Deputy Vice-Chancellor of Research, Innovation and Advancement, University of Johannesburg
The democratic right to information and the implications for academic institutions
Studying at a mix of South African and American Universities, Adam Habib graduated as a political scientist having received his Bachelor and Master of Arts degrees from the University of Kwazulu Natal, Bachelor of Arts (Honours) from the University of Witwatersrand, and his MPhil and PhD from the Graduate School of the City University of New York. He has held academic appointments over the last decade at the Universities of Durban-Westville and Kwazulu-Natal and the Human Science Research Council. Prior to being appointed Deputy Vice-Chancellor Research, Innovation and Advancement at the University of Johannesburg, he served as the Executive Director of the Democracy and Governance Programme of the Human Science Research Council. Before that, he was the founding director of the Centre for Civil Society and a research professor in the School of Development Studies at the University of Kwazulu-Natal.
Adam Habib has served as co-editor of both the social science academic journal Transformation and the official disciplinary journal of the South African Association of Political Science, Politkon. He also sits on the editorial boards of Voluntas and the South African Labour Bulletin. He has served as an external examiner and examined Masters and Doctoral dissertations for a number of South African Universities including Durban-Westville, Kwazulu-Natal, Witwatersrand, Cape Town, and Rhodes. He has also served on a number of boards and councils including those of the University of Durban-Westville, the Durban University of Technology, the International Society for Third Sector Research, Sangonet, the Centre for Public Participation, and the Centre for Policy Studies.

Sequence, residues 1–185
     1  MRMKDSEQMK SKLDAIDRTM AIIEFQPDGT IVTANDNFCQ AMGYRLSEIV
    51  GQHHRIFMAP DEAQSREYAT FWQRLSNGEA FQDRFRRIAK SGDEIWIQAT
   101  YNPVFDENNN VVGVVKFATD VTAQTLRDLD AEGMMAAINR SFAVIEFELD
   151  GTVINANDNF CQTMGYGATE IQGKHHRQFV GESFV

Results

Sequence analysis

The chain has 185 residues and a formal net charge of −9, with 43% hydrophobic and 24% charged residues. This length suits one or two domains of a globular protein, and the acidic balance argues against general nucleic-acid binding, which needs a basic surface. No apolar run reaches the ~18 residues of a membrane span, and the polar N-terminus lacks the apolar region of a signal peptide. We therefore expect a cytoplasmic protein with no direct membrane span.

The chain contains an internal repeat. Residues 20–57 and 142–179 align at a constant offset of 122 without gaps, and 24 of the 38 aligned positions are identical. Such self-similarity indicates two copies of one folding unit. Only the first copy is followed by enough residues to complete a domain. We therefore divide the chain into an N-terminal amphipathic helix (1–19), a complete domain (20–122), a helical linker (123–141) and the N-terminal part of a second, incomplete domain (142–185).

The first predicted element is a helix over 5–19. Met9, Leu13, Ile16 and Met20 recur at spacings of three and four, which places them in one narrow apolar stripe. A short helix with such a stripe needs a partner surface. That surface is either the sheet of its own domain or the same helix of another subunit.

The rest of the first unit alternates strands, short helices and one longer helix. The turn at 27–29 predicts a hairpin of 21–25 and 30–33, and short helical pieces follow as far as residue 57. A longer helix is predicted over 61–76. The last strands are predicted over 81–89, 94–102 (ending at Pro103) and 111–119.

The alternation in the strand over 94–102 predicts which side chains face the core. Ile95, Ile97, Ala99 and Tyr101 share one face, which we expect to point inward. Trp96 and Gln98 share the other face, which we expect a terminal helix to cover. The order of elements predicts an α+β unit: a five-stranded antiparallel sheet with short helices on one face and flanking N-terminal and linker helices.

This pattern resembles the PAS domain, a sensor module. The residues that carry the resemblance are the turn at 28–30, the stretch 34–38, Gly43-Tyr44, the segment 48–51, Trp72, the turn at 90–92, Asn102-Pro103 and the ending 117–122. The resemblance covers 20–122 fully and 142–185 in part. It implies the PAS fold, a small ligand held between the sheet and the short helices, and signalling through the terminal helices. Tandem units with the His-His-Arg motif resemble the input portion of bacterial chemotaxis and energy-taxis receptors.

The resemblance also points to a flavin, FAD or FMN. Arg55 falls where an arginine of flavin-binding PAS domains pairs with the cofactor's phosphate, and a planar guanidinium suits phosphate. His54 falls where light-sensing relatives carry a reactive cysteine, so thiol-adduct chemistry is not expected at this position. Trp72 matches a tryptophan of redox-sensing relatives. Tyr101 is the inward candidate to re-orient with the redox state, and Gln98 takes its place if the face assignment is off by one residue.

Adam Habib has published numerous edited books, book chapters and journal articles over the last two decades in the thematic areas of democratisation and its consolidation in South Africa, contemporary social movements, philanthropy, giving and its impact on poverty alleviation and development, institutional reform, changing identities and their evolution in the post-apartheid era, and South Africa’s role in Africa and beyond. He is a well-known public figure in South Africa whose opinions are often sought by both the print and broadcasting media.
[source: University of Johannesburg]
Secretary-General and Chief Executive, Association of African Universities
Access to Information: A 21st Century Imperative to Global Development
Professor Olugbemiro Jegede is the Secretary-General and Chief Executive of the Association of African Universities, a position that he assumed on December 1, 2010 after a successful tenure in Nigeria on a special assignment in Higher Education. Professor Olugbemiro Jegede, at the invitation of the Federal Government of Nigeria to restart open and distance learning activities in Nigeria, was appointed National Coordinator, National Open and Distance Learning Programmes in 2001 and in 2003 as the founding Vice-Chancellor of the National Open University of Nigeria (NOUN). Prior to his special assignment in Nigeria, Professor Jegede served in various capacities in different parts of the world including taking charge in 1988 of the M.Ed Science Education programme by distance learning at Curtin University of Technology Science and Mathematics Education Centre, Perth, Australia. He was the founding Head of the Centre for Research and Evaluation Unit Distance Education Centre at The University of Southern Queensland, Toowoomba, Australia (1991-97) from where he moved to The Open University of Hong Kong as foundation Director of its Centre for Research in Distance & Adult Learning (CRIDAL) from 1997-2002. He was Manager of the East Asia regional node for the World Bank Global Distance Education Network at its inception in 1998. Professor Jegede holds a M.Ed and a PhD (Science Education) from University College, Wales, UK.